# Chinese pieces: Pao, Vao, and Mao

### 7Aug. 2023 | by Peter Wong

Fairy problems that incorporate unorthodox pieces can bring about many intriguing special effects, and previously we’ve examined the grasshopper and the nightrider as two well-known examples. The Chinese pieces represent another popular group of fairy units, which include the pao (cannon) and mao (horse) borrowed from the game of Chinese chess. These two pieces are actually quite distinct in character; the pao is similar to a rook but, akin to a pawn, it moves and captures differently, while the mao is a kind of blockable knight. Each of these units can be generalised to form a family of related pieces, though here we will consider derivatives of the pao only, not the mao.

The pao moves on orthogonal lines like a rook, but it can capture only by hopping over another unit (of either colour) on the same line to the captive’s square of any distance beyond. In the first diagram, the white pao on g7 can move to any square on the 7th rank, as well as g6 and g5, but it does not attack the black piece on g8. By using the g4-unit as a hurdle, this pao would be able to capture any enemy placed on g3, g2, or g1, and since it checks the same way, it’s preventing the black king from reaching the g-file. The vao is the diagonal version of the pao; analogously it moves like a bishop but captures by hopping over another unit and landing on the captive’s square, all on the same diagonal line. Here the black vao on h3 has one legal move only, …VAxc8 over the g4-unit; it can’t move to g2 because it would become a hurdle that enables White’s e4-vao to check (while g4 and f1 are obstructed).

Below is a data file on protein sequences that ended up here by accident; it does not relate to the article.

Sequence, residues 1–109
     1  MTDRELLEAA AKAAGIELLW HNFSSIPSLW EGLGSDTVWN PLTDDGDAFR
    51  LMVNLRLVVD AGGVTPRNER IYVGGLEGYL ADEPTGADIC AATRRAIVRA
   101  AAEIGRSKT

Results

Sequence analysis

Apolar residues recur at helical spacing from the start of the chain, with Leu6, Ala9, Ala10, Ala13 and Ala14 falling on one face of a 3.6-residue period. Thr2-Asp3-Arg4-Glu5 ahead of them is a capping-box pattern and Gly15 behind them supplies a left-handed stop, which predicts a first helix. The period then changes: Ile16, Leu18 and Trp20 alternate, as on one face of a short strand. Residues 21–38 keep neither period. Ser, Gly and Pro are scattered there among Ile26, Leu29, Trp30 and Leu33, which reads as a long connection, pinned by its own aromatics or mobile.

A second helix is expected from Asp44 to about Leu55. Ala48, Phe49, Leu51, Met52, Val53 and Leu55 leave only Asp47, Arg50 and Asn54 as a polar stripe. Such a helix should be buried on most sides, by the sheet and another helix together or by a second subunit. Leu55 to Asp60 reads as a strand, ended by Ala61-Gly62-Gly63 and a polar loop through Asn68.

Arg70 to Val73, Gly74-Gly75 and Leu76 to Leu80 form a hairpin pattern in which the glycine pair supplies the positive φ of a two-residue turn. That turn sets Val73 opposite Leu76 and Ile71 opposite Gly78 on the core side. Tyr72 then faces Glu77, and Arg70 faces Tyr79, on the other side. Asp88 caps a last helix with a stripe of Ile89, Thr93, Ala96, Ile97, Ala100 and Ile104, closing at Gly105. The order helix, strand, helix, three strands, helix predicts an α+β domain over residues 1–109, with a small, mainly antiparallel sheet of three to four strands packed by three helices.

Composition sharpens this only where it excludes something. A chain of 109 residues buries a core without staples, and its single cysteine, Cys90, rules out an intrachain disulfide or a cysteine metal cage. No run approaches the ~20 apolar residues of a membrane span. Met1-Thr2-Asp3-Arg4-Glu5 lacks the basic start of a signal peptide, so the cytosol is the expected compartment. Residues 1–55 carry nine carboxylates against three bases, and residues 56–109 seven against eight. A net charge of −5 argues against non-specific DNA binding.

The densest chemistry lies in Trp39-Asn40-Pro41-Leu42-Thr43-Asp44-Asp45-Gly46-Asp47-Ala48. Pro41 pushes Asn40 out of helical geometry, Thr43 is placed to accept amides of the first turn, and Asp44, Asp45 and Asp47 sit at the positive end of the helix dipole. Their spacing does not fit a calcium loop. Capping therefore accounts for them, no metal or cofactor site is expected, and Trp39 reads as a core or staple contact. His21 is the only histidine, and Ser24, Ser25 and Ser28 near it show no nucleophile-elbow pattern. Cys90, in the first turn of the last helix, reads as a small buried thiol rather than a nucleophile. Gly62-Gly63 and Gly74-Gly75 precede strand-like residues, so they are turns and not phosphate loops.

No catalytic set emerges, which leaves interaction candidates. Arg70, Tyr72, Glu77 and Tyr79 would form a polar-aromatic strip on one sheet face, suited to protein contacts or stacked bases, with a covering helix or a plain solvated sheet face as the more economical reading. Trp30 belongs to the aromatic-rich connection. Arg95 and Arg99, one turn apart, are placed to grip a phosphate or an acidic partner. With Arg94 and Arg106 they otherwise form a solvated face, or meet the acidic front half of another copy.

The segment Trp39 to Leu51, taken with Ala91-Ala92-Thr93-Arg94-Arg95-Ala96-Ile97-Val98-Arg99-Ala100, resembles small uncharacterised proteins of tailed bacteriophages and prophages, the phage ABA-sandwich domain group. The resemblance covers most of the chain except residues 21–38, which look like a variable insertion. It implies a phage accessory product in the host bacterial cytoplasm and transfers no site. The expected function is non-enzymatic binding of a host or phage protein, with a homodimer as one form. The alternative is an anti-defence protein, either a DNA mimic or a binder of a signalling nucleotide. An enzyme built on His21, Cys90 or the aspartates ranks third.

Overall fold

The mao moves like a knight, but only by going through an orthogonally-adjacent square, which must be empty. If such an adjacent square is occupied, the piece is blocked from moving in that direction. The black mao on g8 can move to e7, but not f6 or h6 because of the intervening unit on g7. A diagonally-adjacent piece has no effect on the mao; if a unit stood on f7, …MAe7 would remain legal.

Stephen Emmerson
The Problemist Supplement 2010

Mate in 2
Paos c8, f1, g7; Vaos d6, e4, h3; Maos c6, g8

With the king in the corner restricted by the g7-pao and d6-vao, Black has three mobile pieces and all of their moves are provided with a mating response. Either mao would open a line for the c8-pao: 1…MAc~ 2.PAcc1 and 1…MAe7 2.PAh8. The latter mate cannot be parried by shifting the black vao, since …VAg2 is illegal as mentioned. If 1.PAf3+? then 1…VAg2 blocks the check (the white vao captures/checks by hopping over one unit only); thus the remaining set variation is 1…VAxc8 2.PAf3. This mating move demonstrates an anti-battery, in which a check by a hopping fairy piece is activated by another piece that lands between it and the opposing king.